From the September 2007 issue of Research Magazine • Subscribe!

The Winner's Circle

What is the quickest way to build a Winner's Circle-quality team? In each of the Winner's Circle teams, we consistently found that it took many years of accumulated, disciplined actions among passionate team members with common resolve and purpose.

---

NOTE: A complete list of Horizontal, Vertical and Family Teams appears at the end of this story, as an associated chart.

---

When Mark Curtis of Smith Barney -- No. 1 on both our vertical teams list and our Barron's Top 100 list -- practically invented the stock option business model among financial advisors, it was the outcome of many years of hard work with his team acting in the best interests of his entrepreneurial client base. Hardly the overnight sensation it may appear to be.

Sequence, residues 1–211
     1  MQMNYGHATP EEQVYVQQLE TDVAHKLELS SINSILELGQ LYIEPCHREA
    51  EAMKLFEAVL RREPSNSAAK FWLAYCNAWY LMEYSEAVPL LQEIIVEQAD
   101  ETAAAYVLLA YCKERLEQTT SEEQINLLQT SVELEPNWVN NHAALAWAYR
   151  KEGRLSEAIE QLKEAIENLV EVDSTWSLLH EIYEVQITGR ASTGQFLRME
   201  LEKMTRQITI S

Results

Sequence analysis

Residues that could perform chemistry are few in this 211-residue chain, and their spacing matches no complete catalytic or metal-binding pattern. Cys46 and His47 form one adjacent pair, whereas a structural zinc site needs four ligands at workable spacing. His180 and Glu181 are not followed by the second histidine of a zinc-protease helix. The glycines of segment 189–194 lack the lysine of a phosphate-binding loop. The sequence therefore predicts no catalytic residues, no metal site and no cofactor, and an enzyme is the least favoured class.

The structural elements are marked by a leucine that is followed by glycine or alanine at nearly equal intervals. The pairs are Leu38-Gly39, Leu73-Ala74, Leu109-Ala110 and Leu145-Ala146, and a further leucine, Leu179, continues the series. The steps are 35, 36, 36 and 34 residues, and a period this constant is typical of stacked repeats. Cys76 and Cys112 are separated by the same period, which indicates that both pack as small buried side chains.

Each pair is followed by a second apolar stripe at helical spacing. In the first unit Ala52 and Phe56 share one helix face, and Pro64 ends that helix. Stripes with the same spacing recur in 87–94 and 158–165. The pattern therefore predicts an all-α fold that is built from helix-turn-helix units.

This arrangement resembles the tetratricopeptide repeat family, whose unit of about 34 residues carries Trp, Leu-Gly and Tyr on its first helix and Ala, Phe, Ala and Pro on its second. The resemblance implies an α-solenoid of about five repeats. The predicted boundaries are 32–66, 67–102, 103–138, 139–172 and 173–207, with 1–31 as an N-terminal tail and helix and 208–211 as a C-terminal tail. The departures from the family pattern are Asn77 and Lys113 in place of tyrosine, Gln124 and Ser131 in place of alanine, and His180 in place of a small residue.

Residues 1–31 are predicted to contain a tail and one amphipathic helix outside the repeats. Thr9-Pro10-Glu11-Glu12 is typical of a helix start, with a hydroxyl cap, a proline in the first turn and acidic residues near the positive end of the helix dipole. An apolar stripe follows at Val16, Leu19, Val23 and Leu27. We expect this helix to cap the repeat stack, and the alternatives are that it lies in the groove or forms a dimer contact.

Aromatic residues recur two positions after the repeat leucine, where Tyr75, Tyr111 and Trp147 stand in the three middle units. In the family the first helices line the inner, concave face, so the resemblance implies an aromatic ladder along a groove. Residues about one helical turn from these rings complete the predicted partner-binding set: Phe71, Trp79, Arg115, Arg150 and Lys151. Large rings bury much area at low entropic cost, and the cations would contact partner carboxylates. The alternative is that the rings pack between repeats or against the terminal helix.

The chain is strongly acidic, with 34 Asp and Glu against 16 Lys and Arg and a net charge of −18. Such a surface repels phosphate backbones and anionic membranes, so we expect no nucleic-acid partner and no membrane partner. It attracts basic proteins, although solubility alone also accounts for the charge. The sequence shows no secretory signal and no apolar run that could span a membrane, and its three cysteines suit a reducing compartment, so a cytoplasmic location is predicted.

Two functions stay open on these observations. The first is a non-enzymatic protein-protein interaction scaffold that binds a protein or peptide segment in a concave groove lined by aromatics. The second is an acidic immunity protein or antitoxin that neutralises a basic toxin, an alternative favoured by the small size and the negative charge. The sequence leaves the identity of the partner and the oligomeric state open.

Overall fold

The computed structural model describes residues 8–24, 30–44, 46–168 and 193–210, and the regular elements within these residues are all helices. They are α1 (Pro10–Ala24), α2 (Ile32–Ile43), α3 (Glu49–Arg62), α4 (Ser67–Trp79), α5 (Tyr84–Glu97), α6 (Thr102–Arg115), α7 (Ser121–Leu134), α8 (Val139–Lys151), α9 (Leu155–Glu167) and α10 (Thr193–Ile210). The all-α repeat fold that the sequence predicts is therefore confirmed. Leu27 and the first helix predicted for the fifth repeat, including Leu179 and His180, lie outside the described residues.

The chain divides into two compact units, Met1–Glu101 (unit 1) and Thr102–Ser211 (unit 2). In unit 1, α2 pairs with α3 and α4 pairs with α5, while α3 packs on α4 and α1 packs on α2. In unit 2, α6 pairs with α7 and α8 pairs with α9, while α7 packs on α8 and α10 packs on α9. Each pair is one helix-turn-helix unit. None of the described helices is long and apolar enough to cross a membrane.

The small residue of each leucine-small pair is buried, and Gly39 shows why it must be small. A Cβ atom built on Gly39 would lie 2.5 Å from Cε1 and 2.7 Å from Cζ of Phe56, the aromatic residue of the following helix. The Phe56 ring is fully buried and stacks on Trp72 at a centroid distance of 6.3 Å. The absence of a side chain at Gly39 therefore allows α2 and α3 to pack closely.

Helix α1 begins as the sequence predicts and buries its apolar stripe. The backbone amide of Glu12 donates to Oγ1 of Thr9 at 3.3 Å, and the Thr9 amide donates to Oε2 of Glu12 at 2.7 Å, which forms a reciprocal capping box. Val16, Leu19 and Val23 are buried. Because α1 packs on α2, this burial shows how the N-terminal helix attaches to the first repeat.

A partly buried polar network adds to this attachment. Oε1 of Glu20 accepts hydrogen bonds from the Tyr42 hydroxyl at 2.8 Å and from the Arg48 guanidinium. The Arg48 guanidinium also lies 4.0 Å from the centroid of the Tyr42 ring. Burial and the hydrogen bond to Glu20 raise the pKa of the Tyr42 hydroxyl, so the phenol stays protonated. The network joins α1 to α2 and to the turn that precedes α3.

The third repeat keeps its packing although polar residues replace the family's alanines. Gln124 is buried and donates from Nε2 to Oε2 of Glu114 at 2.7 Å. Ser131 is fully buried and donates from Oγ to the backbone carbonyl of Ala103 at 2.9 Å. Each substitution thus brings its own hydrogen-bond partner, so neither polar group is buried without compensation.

For our leader among horizontal teams -- the 545 Group, a private wealth management team at Morgan Stanley -- Greg Vaughan, one of the five partners, says their success was essentially built by always acting in the best interests of each client one day at a time, the result of many decades seeking to exceed their clients' expectations.

And for our family teams (for our ranking purposes, a husband and wife, or three or more closely related individuals), business cultures developed around family values and work ethics.

Regardless of the team structure, when asked about any transformational events, not one team could mention a single defining moment; virtually every team credits a strong culture, always acting in the best interests of clients, and disciplined business processes. Here are some of our key observations relating to these processes: